Climate on the agenda in Samoa and China meeting

By Marc Membrere
By Marc Membrere

Climate Journalist

China accounts for 27 per cent of global emissions, making them the highest world emitter. Despite this, Chinas Foreign Minister Wang Yi expressed his hopes to step up the countries lagging climate commitments.

During his recent visit to Samoa, Minister Yi discussed climate change with Samoan Prime Minister Hon. Fiame Naomi Mata’afa.

According to Mata’afa, the discussions centered around Chinas “timing” on climate action. Prime Minister Mata’afa indicated that Chinas journey to industrialization and their current emissions will require the same level to decrease emissions.

“So their targets are more towards 2050 as opposed to a lot of countries are talking 2030, 2040,” Fiame said.

“But I think he was saying that realistically for them to make that come back from where their level of industrialisation and I suppose investment is at.

“I am pleased at least they are now making those commitments in terms of time which had not previously been clear.”

A report by Research Institute Rhodium Group estimated that global emissions reached 52 gigatons of C02 equivalent in 2019 which was an 11.4 percent increase over the past decade. The repot also found that China alone contributed over 27 per cent of total global emissions.

In 2020, China’s President Xi Jinping revealed that they aim to peak c02 emissions before 2030 and achieve carbon neutrality before 2060.

An approach on ending the climate crisis was also mentioned by President Xi Jinping in his written statement to COP26 held in Glasgow last year. President Xi in his statement emphasized that impacts of the climate crisis is evident, and response to them are challenges of our time.

“Guided by the vision of a community of life for a man and Nature, China will continue to prioritize ecological conservation and pursue a green  and low-carbon path to development,” President Xi said.

“We will foster a green, low-carbon and circular economic system at a faster pace, press ahead with industrial structure adjustment, and rein in the irrational development of energy-intensive and high-emissions projects.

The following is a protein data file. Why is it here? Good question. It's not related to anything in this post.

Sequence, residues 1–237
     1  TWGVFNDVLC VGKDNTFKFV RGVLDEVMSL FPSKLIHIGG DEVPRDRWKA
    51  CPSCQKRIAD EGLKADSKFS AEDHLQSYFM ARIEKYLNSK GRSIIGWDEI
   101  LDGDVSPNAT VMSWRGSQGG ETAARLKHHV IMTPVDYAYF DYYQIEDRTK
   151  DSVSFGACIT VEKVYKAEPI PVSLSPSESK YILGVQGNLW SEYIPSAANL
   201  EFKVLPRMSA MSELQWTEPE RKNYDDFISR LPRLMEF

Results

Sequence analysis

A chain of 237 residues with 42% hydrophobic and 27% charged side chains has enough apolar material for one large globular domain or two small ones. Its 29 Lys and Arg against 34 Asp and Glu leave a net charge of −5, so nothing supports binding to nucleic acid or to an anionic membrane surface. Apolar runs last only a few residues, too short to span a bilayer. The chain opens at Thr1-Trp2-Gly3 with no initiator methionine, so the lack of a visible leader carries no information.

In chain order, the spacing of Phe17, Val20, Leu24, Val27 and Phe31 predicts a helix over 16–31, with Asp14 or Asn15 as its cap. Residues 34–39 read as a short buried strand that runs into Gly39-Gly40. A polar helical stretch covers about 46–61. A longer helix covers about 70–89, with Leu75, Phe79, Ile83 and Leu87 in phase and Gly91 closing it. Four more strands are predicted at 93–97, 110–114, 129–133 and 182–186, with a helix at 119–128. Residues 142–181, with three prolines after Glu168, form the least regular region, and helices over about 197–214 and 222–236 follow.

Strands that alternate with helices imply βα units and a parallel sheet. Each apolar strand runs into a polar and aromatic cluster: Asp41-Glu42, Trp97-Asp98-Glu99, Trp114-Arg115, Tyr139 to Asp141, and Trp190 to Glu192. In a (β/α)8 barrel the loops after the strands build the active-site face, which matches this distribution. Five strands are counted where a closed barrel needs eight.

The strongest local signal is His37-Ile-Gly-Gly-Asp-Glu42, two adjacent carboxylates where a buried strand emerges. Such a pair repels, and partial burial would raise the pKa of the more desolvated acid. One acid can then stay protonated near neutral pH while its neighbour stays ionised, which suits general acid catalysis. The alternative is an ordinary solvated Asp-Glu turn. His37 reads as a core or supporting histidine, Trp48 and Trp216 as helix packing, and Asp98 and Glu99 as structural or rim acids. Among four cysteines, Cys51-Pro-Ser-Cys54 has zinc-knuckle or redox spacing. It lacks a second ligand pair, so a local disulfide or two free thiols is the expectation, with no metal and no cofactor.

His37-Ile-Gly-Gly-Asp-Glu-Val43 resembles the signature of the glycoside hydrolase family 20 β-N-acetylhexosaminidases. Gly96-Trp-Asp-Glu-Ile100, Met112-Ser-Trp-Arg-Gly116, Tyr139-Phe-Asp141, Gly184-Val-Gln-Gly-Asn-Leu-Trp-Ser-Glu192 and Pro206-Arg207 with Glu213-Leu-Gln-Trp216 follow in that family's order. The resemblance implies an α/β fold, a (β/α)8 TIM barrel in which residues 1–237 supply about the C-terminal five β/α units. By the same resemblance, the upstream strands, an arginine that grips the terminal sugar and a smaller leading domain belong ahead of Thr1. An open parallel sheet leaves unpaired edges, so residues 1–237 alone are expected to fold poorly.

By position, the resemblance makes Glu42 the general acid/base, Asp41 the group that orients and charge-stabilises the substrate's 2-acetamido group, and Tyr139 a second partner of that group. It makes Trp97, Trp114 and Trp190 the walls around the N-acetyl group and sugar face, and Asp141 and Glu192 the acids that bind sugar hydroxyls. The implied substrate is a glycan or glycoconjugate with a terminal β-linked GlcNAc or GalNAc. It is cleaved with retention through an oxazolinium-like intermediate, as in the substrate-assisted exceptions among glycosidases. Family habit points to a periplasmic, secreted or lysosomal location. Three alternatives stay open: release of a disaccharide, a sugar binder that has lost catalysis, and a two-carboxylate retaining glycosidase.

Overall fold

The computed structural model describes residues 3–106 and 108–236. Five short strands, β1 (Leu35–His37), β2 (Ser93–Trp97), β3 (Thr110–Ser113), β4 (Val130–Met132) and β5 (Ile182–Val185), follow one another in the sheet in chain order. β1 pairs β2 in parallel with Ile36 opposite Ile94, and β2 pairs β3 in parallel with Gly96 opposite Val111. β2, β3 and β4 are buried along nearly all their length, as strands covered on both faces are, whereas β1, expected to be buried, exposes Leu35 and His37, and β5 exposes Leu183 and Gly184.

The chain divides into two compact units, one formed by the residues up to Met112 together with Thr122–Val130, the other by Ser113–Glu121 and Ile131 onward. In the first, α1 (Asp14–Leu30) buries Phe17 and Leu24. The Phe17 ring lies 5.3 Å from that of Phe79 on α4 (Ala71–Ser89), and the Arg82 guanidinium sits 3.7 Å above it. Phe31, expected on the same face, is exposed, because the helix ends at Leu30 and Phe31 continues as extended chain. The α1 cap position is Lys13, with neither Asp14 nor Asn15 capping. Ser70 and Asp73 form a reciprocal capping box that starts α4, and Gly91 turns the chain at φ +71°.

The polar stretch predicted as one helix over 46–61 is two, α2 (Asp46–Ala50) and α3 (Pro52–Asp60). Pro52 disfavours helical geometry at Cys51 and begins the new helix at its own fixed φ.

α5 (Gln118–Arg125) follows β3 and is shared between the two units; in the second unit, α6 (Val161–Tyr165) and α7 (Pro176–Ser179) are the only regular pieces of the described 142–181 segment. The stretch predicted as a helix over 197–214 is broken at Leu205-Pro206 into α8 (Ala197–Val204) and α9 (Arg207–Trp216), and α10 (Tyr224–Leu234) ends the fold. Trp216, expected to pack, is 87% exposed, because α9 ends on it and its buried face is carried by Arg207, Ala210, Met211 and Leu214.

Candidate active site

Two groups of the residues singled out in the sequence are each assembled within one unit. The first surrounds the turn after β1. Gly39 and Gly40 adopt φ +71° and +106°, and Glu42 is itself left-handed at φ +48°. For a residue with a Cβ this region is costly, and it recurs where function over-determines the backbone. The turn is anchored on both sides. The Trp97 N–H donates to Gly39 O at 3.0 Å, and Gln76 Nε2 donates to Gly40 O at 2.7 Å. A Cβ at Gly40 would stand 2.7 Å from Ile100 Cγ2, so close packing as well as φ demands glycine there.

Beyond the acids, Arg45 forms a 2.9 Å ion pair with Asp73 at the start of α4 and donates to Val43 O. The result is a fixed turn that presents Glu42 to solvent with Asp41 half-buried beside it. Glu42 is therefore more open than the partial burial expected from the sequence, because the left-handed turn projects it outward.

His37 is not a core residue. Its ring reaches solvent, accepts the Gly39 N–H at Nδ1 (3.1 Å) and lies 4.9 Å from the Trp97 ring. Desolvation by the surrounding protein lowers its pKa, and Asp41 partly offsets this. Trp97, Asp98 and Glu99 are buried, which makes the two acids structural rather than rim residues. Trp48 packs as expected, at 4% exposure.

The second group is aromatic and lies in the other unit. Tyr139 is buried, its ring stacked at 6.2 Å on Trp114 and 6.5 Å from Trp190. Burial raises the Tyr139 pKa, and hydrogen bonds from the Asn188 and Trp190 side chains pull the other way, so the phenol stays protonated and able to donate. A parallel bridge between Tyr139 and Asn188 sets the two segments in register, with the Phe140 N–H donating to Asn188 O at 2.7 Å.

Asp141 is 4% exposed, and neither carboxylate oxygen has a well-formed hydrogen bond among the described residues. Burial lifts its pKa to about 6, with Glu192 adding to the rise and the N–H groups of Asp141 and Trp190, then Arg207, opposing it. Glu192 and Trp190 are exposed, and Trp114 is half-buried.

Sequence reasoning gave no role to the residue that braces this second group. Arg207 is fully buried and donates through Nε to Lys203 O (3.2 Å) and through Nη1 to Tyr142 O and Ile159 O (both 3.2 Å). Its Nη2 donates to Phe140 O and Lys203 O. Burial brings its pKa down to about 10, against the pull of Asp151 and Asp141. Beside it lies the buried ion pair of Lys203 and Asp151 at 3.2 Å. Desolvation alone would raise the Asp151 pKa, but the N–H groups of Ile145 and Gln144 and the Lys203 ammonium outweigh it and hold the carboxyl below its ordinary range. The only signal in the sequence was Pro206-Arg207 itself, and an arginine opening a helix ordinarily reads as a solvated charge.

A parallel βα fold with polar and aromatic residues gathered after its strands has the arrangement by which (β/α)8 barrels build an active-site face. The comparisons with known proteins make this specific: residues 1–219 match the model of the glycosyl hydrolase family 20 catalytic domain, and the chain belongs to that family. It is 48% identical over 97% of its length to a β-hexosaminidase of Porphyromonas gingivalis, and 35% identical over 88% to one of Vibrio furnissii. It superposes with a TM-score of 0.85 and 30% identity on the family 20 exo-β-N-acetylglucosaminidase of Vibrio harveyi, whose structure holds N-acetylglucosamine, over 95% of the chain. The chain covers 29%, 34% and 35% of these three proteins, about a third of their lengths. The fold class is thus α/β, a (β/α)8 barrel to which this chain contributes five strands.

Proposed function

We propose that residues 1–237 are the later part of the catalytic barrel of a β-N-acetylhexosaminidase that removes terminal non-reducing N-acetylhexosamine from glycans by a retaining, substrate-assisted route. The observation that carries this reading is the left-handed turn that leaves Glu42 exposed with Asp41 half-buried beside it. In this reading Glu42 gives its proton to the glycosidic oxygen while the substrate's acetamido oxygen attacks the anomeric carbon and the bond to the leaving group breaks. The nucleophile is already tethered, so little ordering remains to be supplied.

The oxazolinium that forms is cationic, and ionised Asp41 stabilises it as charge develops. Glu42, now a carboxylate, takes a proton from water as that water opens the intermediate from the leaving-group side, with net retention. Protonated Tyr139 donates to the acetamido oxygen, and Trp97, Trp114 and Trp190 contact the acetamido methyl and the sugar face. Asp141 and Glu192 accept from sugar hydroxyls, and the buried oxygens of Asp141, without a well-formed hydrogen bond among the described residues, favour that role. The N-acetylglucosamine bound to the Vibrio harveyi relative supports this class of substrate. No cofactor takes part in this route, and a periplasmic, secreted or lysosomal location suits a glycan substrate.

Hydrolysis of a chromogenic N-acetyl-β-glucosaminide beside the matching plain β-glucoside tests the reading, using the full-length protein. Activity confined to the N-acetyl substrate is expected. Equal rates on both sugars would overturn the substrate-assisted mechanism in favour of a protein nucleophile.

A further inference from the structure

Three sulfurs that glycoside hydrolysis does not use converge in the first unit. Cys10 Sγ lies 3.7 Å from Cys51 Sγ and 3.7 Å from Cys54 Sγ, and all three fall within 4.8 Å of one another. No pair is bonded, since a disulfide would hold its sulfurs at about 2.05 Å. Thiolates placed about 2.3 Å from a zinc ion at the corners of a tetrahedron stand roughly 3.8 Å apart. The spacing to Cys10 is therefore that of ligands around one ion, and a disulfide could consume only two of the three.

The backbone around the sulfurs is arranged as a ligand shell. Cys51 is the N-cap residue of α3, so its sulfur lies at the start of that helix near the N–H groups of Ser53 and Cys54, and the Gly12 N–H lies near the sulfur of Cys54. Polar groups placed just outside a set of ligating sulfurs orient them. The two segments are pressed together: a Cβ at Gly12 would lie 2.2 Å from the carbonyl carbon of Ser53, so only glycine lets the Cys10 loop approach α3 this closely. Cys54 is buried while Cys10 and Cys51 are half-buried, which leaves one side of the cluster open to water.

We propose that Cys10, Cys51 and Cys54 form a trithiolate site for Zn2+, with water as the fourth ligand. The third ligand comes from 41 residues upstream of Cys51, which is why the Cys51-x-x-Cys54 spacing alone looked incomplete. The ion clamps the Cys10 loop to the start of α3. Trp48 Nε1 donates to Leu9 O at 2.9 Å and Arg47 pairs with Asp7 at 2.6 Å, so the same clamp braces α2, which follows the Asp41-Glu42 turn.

“We will speed up the transition to green and low-carbon energy, and plan and buiold large wind and photovoltaic power stations.”

However Beijing’s move into the Pacific with climate change on the agenda did not go unnoticed by Canberra.

The newly appointed Foreign Minister of Australia Penny Wong visited Fiji recently where she assured it Pacific neighbors that Australia will be there to stand together with the Pacific.

The race between China and Australia for dominance in the region not only involves politics, but also climate.

With Beijing making its statement that it will address the climate crisis, Australia’s Foreign Minister announced in Fiji that they will end the climate crisis.

“The Albanese Government was elected on a platform of reducing carbon emissions by 43 per cent by 2030 and reaching net zero by 2050,” Foreign Minister Penny Wong told the Pacific Islands Forum (P.I.F.) last week.

“We won’t just say this – we will enshrine it in law and submit a new Nationally Determined Contribution to the UNFCCC very soon.”

She also told their Pacific neighbors that their Government will end the climate wars in Australia.

“This is a different Australian Government,” she said.

“We will stand shoulder to shoulder with our Pacific family in response to this crisis.”

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